How we tested
Electric kettles are handy for making tea or coffee and for any cooking task that requires a few cups of boiling water, from rehydrating dried mushrooms and tomatoes to softening lasagna noodles or reconstituting concentrated stocks. The Capresso Silver H2O Electric Kettle won our last testing in 2008; we wondered if it was still the best kettle on the market. We gathered two stainless-steel and five glass kettles (we’ve found that plastic kettles can create funky flavors), priced from about $30 to nearly $100, to test against our old favorite. We started by timing how long each took to boil water. We then evaluated the precision of their spouts and comfort of their handles and boiled the maximum allowed volume in each one to see if they splashed or spilled. We even held a blind tasting of the boiled water to see if any imparted off-flavors. Finally, we subjected each kettle to a durability test of 25 additional boiling cycles, putting the top-ranked models through a full 365 rounds to simulate daily use for a year.
Electric kettles have improved since our last testing, as our new lineup boasted key features that weren’t standard in previous years. The kettles themselves are cordless, so you can lift them away from the heating element to pour, and 360-degree compatibility with their bases means that they don’t need to be oriented in a certain direction. Each kettle also automatically shuts off when the water boils and has a safeguard that prevents it from turning on when the kettle is empty.
That said, there were certainly differences among them. To begin with, materials mattered. We wanted to see the water level as we filled them. With glass kettles, a glance was enough. But when we filled the stainless-steel models, we relied on windows or external water-level gauges—the majority of which were hard to read at a glance. With both metal and glass kettles, we preferred those that had large light-up power indicators to signal that kettles were on or had finished their boiling cycle.
Boiling speed and capacity were critical factors. When we timed how long each kettle took to boil 1 quart of room-temperature water, averages ranged from about 4 1/2 to about 5 1/2 minutes. (This takes roughly 9 minutes in a covered saucepan at high heat.) We were pleased to discover that the fastest kettle was also one of the largest. It holds 60 ounces—more than double the capacity of the smallest kettle in our lineup. Although you won’t need that much for a cup of tea, it’s ideal for reconstituting a large amount of stock base or preparing a water bath for delicate cheesecakes or custards.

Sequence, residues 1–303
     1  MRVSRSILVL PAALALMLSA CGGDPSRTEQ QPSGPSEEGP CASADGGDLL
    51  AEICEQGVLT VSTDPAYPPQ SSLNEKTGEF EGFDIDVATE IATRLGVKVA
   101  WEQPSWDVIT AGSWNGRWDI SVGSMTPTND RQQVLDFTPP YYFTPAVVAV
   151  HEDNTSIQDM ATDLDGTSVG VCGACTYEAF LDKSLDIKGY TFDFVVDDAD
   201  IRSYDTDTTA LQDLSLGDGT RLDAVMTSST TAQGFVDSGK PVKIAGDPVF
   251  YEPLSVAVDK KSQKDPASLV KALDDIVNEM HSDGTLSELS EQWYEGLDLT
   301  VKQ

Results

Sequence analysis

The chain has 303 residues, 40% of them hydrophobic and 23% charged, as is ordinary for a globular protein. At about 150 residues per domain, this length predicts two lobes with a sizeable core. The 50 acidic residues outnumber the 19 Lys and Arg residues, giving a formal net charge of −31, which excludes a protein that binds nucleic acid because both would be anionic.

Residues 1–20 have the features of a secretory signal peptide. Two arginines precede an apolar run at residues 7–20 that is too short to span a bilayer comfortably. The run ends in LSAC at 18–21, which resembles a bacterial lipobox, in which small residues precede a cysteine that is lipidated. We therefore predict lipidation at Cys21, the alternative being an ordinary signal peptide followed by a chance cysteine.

Finally, since boiling water can cause serious burns, a good kettle should feel comfortable and secure. One kettle, which had a slightly rounded bottom, wobbled and rocked on its base instead of connecting tightly. We also disliked models with lids that flipped back quickly or had pinch-buttons set into their lids; the former flicked hot water back at our hands, and the latter put our fingers uncomfortably close to hot water and steam. Our favorites had hinged lids that lifted slowly at the push of a button as well as comfortable handles that made them easy to hold steady, even when pouring from a full boiling kettle. Because even kettles will occasionally need cleaning, we also preferred models with wide openings and minimal small parts inside.
In the end, a newcomer joined our old favorite at the top of the class. Both have glass pitchers that allow us to see the water level at a glance, and their light-up indicators are bright and visible. They feel good in your hand, pour neatly, and sit securely on their bases. They’re also speedy; both are able to boil a quart of water in fewer than 5 minutes. The OXO Brew Cordless Glass Electric Kettle holds a generous 60 ounces of water and is ideal for cooks who want to boil large quantities of water quickly. For a slightly smaller kettle that performs just as well at a lower price, the 48-ounce Capresso Silver H2O Electric Kettle is our Best Buy.
We tested eight electric kettles (two stainless-steel and six glass), priced from about $30 to nearly $100, with maximum capacities between roughly 45 and 60 ounces, rating them on their speed, ease of use, and safety. Prices shown were paid online. Models appear below in order of preference.
WATER LEVEL VISIBILITY: We liked kettles made of clear glass and stainless-steel kettles with clear water-level indications, like big windows or visible, responsive gauges. We knocked points from models with water-level gauges that were difficult to find and read , or that lagged behind the actual water level.
POWER INDICATOR: We evaluated the size, brightness, and convenience of location of the kettles’ power indicators. The best were located near the power switch and were bright enough to be visible from across the kitchen. Lower-ranked models had lights that are small, dim, or hard to find.
FILLING AND POURING: Multiple testers filled and poured from the kettles to evaluate the comfort of the handles, precision of the pour spouts, and design of the lids. Models with curved, textured handles offered better grip and security. We docked points from models with narrow openings that were hard to fill and that had lids that opened too quickly, flicking us with hot water, or had other design features that placed our hands too close to hot water and steam during use.